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Frontline FETP graduates spring into action during Freetown’s mudslide disaster

On the morning of August 14, after 3 days of excessive rainfall, devastating floods and mudslides occurred in and around Sierra Leone’ capital city of Freetown. Many areas in the districts of Western Area Urban and Rural were affected, including the partial collapse of Sugarloaf Mountain and complete submergence of numerous houses and structures. With 499 confirmed deaths and over 1,000 reported missing, this disaster marked one of the worst in Sierra Leone’ modern history. In addition, more than 3,000 survivors were left internally displaced due to evacuation of risk-prone areas.

The disaster initiated a timely response from Office for National Security and the Ministry of Health & Sanitation (MoHS) were engaged to launch a public health response. In response, the Public Health National Emergency Operations Center (PHNEOC) was activated to a level two with the surveillance pillar set for preparedness mode and surveillance teams at both national and district level were established in Western Area Urban and Rural.

 

Sierra Leone’s FETP Response

Since June 2016, Sierra Leone has strengthened its public health workforce by partnering with the US Centers for Disease Control and Prevention (CDC) to establish the Field Epidemiology and Training Program–Frontline with the aim of building the capacity of its public health workforce in outbreak investigation and response. Following the 2014-2015 Ebola outbreak in West Africa, the FETP was set up with the major aim of developing Sierra Leone’ public health workforce ability to apply epidemiological skills to reduce the threat of public health emergencies. To date, the FETP has graduated 81 frontline public health officers, who are able to effectively analyze surveillance data, and conduct case- and outbreak-investigations. In the past year, these graduates have conducted more than 50 case or outbreak investigations in all 14 districts, improved timeliness in reporting, conducted assessments on country’s surveillance systems, and presented their epidemiological findings at an international scientific conference.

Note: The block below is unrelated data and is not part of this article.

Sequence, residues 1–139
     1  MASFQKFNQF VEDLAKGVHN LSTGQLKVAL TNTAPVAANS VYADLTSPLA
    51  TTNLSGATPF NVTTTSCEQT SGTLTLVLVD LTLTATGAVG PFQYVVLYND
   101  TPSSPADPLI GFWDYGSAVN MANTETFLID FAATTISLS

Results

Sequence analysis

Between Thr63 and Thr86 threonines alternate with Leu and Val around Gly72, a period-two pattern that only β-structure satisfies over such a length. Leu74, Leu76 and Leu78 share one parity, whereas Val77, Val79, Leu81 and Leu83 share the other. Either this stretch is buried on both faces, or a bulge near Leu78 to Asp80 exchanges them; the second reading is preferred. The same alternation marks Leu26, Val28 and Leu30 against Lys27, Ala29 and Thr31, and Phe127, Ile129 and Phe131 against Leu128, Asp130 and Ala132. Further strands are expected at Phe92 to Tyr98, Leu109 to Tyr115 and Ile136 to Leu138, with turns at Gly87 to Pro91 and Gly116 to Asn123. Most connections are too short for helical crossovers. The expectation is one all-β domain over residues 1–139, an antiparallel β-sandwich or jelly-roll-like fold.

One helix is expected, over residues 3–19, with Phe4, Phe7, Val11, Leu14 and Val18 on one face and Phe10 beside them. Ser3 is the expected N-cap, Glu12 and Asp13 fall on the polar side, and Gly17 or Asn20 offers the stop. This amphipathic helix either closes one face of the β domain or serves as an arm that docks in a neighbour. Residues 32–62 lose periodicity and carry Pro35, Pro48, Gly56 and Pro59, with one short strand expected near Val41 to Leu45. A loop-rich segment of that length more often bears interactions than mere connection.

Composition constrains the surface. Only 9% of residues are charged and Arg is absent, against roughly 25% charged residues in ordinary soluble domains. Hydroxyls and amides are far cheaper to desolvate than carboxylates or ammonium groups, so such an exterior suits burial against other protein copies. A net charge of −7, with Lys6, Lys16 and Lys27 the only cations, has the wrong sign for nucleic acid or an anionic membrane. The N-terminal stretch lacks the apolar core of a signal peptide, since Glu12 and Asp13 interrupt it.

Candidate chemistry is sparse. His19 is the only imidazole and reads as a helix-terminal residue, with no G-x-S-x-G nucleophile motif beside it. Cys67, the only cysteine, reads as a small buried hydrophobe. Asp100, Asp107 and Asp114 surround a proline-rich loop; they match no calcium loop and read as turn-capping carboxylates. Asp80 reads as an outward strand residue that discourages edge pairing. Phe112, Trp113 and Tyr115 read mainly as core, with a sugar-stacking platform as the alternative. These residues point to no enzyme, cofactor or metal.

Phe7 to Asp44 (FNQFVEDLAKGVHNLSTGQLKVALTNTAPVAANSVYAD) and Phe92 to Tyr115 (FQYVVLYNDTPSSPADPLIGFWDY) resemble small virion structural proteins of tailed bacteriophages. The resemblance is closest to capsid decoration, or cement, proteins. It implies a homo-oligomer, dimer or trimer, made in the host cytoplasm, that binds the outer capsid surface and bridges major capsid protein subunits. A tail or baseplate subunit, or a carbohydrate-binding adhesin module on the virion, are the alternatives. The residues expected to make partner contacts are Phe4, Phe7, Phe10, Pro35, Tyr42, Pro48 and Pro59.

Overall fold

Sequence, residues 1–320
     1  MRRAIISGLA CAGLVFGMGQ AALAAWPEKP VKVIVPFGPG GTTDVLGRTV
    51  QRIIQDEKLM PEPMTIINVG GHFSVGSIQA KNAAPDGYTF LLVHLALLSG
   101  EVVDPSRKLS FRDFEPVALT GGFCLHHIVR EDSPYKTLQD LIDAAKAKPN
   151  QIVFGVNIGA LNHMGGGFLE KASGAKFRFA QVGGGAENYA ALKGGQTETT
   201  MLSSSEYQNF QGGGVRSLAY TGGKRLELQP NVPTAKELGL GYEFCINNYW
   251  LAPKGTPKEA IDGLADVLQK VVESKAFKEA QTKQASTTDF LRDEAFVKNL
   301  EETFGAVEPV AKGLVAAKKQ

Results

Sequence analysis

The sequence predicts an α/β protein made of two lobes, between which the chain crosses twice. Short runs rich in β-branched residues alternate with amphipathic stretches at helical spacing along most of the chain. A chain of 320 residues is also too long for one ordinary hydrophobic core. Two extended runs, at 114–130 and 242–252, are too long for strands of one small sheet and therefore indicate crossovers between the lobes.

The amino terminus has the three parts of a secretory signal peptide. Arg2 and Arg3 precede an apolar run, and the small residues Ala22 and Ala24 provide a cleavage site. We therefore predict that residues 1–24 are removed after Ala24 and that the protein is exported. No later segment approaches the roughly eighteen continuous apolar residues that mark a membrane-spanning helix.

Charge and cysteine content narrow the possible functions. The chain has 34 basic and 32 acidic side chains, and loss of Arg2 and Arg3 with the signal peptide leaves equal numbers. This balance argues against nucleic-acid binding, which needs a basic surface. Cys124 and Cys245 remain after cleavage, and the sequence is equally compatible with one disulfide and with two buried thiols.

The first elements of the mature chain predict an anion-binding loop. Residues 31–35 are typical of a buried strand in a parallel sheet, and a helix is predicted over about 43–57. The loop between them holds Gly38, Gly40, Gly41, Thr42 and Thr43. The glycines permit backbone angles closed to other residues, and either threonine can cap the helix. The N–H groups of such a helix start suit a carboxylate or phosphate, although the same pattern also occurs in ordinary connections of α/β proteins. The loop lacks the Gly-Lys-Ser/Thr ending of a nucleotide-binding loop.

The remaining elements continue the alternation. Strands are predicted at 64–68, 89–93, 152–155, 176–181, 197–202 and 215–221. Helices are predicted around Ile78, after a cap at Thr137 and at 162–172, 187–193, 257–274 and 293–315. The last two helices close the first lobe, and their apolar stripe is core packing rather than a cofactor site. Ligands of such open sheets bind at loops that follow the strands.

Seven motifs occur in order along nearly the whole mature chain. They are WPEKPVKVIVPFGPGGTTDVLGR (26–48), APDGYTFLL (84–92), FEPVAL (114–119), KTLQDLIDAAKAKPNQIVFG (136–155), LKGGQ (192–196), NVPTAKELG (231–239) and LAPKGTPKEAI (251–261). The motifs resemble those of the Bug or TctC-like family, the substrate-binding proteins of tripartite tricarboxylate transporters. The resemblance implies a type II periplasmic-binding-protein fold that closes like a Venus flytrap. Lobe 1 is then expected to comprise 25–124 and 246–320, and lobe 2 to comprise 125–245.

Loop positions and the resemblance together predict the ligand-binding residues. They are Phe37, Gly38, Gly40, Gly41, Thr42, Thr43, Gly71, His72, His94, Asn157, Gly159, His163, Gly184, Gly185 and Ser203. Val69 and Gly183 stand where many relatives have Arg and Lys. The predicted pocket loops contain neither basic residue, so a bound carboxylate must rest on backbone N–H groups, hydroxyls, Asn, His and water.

The program has allowed Sierra Leone to establish in-country capacity to prevent and control diseases of public health importance and develop leaders within its health system.  At the time of the disaster, the Government of Sierra Leone and MoHS leadership were able to call upon its own public health officers, the FETP graduates, to take charge of the situation. Twenty-four Frontline FETP graduates were deployed to provide critical field support in identifying and monitoring potential diarrheal disease cases, carrying out rapid assessments, and collecting morbidity/mortality data.  Two graduates, Fatmata and Musa, were given the responsibility of characterizing the disaster in terms of person, place, and time – helping the authorities to respond appropriately and effectively.

While sharing her experience in responding to the disaster, Fatmata said: “When I heard on the radio that people had been buried by earth, I knew I needed to be there … to identify who was affected, where it occurred, when this occurred, and why this terrible thing had occurred…. I knew this information would be very vital in understanding the disaster if we were going to respond more appropriately”

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